Credit: The Basics

Credit is that thing we need to get a car, a phone, a credit card, a house, and essentially every other utility and important purchase of goods and services. Yet, many of us don’t know what it is and how it works because no one ever told us about its importance. Most of us never learn about it until we go and try to buy our first car and the bank won’t loan money to us unless we have a cosigner with a good credit history or when we go to the cellphone company and they deny us a new phone because we have no credit history. This information is incredibly relevant, especially to college students who are just starting to gain credit experience. So, what is credit, how does it work, and how can we build it and maintain it?

What is credit?

Credit is a financial term that is generally defined as the ability to borrow money, goods or services in exchange for agreeing that they will be paid for at a later date. It also can refer to the credit history of a person. Credit is granted by creditors who do so based on the confidence they have on a person’s ability to pay back, with interest, the money, services, or goods that were borrowed. Creditors determine whether or not to grant a person credit by looking at a person’s credit history; that is, their history of borrowing and repaying funds.

A person’s credit history can be seen in credit reports provided by credit bureaus; the three main being Equifax, TransUnion, and Experian. Credit reports are summarized by a three-digit number called a credit score; they also include the amount of loans you’ve taken out and how much you’ve paid back, the number of credit cards you have (with balances and borrowing limits), the monthly payments that you’ve made on time, the ones that were late or the ones that weren’t made; and foreclosures, car repossessions, and bankruptcies. 

There are different models that calculate a credit score, a common one being the FICO score. The FICO score ranges from 300 to 850; 300 being the lowest and worst score and 850 being the highest and best score. However, any score between 600 and higher is still considered good. The higher the score, the more confident creditors will be in a person’s ability to pay back the debts with interest. 

The types of credit. 

The multiple types of credit are service, installment, revolving, and open credit. Service credit refers to the contracts a person has with a service provider, like an internet provider, a cell phone company or an electricity company. Companies like these provide a person with a service in exchange for them agreeing to pay for that service each month. This is why your credit will be affected if you do not pay your cellphone on time. Service credit is one of the first ways a person begins to build their credit, therefore it’s one of the most important ones.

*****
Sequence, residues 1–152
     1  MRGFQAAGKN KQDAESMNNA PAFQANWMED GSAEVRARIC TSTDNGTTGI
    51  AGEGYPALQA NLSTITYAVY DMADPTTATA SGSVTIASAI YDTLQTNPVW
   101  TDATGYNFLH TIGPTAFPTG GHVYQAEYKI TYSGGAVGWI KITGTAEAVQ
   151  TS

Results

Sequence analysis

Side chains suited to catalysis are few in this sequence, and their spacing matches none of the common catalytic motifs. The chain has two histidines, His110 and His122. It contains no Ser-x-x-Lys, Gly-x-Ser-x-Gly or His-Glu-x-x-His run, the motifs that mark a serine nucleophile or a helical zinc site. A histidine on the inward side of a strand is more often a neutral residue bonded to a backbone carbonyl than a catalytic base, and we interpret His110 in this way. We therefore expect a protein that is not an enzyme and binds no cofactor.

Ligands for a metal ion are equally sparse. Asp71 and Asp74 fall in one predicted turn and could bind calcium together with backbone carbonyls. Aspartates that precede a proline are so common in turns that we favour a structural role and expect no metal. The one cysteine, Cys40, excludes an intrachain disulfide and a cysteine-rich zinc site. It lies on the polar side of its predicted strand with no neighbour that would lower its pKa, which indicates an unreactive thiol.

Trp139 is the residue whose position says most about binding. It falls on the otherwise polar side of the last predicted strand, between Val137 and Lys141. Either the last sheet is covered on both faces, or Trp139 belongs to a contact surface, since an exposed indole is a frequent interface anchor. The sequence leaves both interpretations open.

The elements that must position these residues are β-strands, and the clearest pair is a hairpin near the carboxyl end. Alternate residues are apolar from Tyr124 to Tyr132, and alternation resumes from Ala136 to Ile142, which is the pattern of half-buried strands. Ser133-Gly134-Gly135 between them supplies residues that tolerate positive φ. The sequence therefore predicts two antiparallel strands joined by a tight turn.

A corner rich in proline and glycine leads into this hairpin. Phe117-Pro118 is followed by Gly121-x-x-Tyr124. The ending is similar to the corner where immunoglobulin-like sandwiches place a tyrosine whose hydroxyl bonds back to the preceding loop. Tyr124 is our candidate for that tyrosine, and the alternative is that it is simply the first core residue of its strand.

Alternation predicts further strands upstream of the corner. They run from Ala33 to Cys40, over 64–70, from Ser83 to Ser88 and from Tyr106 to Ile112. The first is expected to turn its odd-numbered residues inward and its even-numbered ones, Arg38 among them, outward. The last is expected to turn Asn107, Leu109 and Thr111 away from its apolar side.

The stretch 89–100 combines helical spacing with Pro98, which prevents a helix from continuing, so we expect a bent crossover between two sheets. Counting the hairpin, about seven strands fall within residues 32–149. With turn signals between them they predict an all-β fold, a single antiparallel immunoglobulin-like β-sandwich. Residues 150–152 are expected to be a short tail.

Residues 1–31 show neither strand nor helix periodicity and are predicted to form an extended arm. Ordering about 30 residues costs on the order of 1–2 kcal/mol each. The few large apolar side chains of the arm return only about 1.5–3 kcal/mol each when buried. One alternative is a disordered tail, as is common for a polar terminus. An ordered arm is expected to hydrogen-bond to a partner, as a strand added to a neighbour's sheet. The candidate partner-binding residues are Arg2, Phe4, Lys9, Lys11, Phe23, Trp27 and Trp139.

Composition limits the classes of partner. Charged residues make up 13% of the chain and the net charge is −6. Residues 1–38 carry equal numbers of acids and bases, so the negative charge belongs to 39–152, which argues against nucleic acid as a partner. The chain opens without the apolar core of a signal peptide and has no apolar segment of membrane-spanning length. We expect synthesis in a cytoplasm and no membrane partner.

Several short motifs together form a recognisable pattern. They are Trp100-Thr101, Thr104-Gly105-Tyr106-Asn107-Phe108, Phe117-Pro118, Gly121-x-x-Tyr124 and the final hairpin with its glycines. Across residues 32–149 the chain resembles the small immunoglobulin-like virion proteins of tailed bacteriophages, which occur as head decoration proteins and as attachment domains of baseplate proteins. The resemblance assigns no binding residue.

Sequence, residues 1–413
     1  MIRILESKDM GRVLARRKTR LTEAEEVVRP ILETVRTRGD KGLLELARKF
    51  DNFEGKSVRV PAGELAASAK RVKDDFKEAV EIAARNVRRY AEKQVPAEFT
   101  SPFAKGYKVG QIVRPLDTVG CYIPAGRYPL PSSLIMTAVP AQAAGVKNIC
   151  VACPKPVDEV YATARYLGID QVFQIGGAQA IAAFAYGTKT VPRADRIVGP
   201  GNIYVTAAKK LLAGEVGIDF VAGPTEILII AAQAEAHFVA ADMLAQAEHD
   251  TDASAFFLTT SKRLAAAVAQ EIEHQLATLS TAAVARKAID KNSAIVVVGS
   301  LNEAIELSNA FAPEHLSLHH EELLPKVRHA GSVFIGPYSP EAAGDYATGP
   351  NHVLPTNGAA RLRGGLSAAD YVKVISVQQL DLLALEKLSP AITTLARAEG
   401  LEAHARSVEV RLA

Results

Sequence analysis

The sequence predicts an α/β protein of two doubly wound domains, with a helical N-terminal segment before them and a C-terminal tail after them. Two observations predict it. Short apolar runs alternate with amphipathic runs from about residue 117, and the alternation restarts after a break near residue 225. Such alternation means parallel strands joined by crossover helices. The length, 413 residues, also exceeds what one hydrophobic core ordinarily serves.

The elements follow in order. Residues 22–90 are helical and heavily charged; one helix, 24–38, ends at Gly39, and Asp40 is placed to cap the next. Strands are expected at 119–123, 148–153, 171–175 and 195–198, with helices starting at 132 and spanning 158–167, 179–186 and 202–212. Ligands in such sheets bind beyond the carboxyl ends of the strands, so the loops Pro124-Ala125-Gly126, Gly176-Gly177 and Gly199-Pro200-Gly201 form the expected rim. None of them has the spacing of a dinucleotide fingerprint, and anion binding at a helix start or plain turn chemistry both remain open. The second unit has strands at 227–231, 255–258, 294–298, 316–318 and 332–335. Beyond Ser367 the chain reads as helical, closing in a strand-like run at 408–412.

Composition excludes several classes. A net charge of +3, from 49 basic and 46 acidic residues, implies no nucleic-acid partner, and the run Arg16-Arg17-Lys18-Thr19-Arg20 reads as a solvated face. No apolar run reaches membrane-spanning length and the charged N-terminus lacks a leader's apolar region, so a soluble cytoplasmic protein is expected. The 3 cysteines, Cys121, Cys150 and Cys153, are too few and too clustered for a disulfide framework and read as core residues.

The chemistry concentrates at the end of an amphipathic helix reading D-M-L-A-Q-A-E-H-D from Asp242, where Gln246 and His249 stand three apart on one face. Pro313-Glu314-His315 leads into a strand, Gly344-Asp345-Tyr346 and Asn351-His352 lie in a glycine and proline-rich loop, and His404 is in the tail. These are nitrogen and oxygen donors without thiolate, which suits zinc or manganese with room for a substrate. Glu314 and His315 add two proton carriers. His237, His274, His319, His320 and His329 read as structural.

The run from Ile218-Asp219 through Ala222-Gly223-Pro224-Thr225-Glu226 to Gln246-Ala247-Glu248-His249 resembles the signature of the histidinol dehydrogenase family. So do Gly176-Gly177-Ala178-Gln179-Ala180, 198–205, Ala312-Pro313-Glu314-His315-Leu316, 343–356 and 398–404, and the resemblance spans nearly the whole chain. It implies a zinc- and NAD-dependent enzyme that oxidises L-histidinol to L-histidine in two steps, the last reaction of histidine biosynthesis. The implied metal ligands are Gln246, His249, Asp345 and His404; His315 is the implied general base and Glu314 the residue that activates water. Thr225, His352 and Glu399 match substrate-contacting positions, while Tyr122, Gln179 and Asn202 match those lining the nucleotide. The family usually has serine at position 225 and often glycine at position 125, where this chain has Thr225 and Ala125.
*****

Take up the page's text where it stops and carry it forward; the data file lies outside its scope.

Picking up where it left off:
Another type of credit is installment credit; this type refers to the loans a person takes out. Installment credit is the type of credit commonly used for large purchases; such as a student, car, or mortgage loan. Paying these loans on time is the only way that it will not affect a person’s credit score. However, it’s important to make smart decisions and borrow installment loans from credible institutions because not all loans are of equal benefit; in fact, borrowing from smaller institutions (like a finance company) and having them show up on a credit score can even lower someone’s score. Always avoid in-house financing when shopping for vehicles, for example, and choose a loan from a bank or credit union as they are more credible.  

Revolving credit refers to loans that have a specific borrowing limit and the borrower is able to make charged up to that limit. If the loan is repaid, then the person is able to make charges again up to that limit. A minimum payment needs to be made each month, but it's recommended that the person pay the full amount. If only a partial amount is paid, the remainder will be carried forward and more interest will be paid, this is otherwise known as a revolving debt. The most common type of revolving debt are credit cards. When used correctly, credit cards can positively impact a person’s credit score in the long term more so than other forms of credit. According to Bingham (2011), using a credit card smartly requires the cardholder to make a purchase with the card at least once a month, keep the account for as long as possible, pay at least the minimum payment on time every month, and limit the amount used on the card to less than 30% of the card’s maximum. Credit cards are not always great though, as the incorrect use of them can be one of the most devastating things that can happen to someone’s credit. Missing payments, having too many credit cards, and borrowing most of the credit limit can hurt credit scores (Bingham, 2011).